Thursday, August 21, 2008

Circular logic

Karen Handel's response to what she feels are disingenuous attacks on her with her own disingenuous column.

It's disingenuous because it responds with an argument of 'no I'm not, you guys are' which is beyond childish for an elected official to engage in. She combats numerous allegations of letting partisan allegiances guide policy in the secretary of state's office by responding with her own allegations of partisan politics being employed against her.

Of course, it's what Handel doesn't say that makes her response even more suspect.

Jim Powell was disqualified as a candidate for District 4 of the Public Service Commission for a simple reason: Under Georgia law, Powell is not a resident of the district and is ineligible to run for the office, or to serve should he be elected. Georgia law states that, if someone has claimed a homestead exemption, the specific address of the exemption shall be deemed the person's residence address.

This is misleading because, as the Administrative Law Judge noted, the homestead exemption is one component worth considering in determining one's residence. There was justifiable reason to believe that Powell was - and is - a resident of the district based on the evidence examined, and the ALJ laid out a perfectly rational case affirming Powell's residency based on additional factors.

It should also be noted that Handel - as is practice for such cases - is the one who sought guidance from the ALJ in determining what course of action to take. She adhered to almost all recommendations offered ... except this one. So what she did was seek more experienced legal counsel for a ruling, said ruling ran contrary to her own thought process and then deliberately chose to ignore it.

Also, I don't understand this ...

In addition, the timing of (Bill) Shipp's column coincides with a partisan grassroots effort directed at my office to drop Powell's case and let him appear on the ballot in November. I'll leave it to the readers to decide if this is a mere coincidence.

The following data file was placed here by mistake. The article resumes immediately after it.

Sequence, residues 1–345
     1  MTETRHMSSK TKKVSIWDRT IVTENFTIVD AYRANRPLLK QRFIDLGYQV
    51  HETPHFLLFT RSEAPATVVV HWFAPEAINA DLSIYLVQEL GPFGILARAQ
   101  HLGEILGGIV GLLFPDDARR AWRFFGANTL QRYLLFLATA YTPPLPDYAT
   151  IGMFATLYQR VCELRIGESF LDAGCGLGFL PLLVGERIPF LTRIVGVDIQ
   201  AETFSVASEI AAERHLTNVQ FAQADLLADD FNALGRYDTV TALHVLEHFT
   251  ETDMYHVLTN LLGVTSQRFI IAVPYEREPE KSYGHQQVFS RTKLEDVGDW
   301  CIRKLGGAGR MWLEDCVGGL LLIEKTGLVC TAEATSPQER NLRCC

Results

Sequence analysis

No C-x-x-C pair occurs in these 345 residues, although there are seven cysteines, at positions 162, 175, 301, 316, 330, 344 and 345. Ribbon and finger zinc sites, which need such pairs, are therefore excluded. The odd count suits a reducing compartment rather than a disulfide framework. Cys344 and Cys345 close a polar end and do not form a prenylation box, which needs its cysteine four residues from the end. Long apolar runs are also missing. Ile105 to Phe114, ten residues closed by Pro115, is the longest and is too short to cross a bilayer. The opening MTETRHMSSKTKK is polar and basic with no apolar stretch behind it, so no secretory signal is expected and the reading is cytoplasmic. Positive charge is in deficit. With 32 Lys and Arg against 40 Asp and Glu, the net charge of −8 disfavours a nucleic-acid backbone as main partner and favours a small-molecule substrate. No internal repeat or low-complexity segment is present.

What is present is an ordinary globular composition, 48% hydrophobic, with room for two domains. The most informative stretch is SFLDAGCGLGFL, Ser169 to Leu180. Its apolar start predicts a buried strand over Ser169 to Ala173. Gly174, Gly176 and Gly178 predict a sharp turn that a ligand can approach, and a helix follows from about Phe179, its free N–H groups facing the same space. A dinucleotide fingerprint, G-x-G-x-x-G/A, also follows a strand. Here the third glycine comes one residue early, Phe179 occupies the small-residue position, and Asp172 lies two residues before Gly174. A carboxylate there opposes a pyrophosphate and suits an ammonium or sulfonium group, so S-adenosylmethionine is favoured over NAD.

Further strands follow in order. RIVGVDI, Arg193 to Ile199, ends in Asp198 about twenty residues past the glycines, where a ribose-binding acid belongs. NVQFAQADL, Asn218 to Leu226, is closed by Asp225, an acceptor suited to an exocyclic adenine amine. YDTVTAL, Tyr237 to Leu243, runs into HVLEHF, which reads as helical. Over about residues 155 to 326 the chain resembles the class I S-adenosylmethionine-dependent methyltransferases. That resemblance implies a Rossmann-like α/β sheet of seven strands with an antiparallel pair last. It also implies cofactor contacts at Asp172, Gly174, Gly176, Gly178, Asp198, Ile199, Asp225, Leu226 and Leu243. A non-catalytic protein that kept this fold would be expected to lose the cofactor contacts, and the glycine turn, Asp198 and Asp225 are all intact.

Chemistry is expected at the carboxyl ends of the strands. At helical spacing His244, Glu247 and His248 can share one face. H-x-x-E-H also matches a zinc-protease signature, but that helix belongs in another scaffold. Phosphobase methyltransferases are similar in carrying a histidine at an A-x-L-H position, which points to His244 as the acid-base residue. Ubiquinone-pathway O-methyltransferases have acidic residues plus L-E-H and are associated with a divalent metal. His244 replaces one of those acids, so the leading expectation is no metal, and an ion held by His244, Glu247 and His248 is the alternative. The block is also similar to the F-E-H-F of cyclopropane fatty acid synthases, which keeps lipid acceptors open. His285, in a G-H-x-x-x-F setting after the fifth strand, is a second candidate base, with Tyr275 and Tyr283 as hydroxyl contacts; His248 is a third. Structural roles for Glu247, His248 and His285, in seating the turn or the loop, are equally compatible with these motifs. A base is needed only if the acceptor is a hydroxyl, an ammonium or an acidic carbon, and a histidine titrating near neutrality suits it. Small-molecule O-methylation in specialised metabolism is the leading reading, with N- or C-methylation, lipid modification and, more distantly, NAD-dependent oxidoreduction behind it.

Well, of course it isn't. If there is a grassroots effort to point out Handel's partisan handling of the office, they probably targeted Shipp as a member of the media for someone to be aware of this case. This effort is being spearheaded by Take Back Georgia, and I've gotten emails from them about this. Of course, that doesn't mean I'm a part of it by any means, and it doesn't mean Shipp is either.

It means Take Back Georgia is employing an effective media outreach campaign, particularly if one of the state's top political commentators decides to pick up the story. It doesn't mean there's a conspiracy afoot. It means they do good PR.

Handel must be pretty paranoid.


Blogger Brian said...

C'mon Jmac.

"One of the state's top political commentators" -- funny how you throw that out after writing about how irrelevant Shipp has been for a couple of years now.

Karen Handel is a good and honest SOS. These kind of issues are bound to be contentious and people will never agree on them, but I don't buy the idea that she is involved in these kinds of conspiracies. Leaders have to make tough choices, and it was easy to see both sides in the Powell case. The others are pretty cut and dried, and I noticed you didn't comment on those.

9:11 AM  
Blogger Jmac said...

I'm not suggesting she's involved in any conspiracy, but I do think she's acting in an improper way with regard to the Powell case and the Joe Carter case (which Shipp noted and she ignored because, quite frankly, her actions were pretty indefensible). She addressed the Conlon case in a way that answers my questions, and I never had any problem with her removal of Keith Gross from the ballot.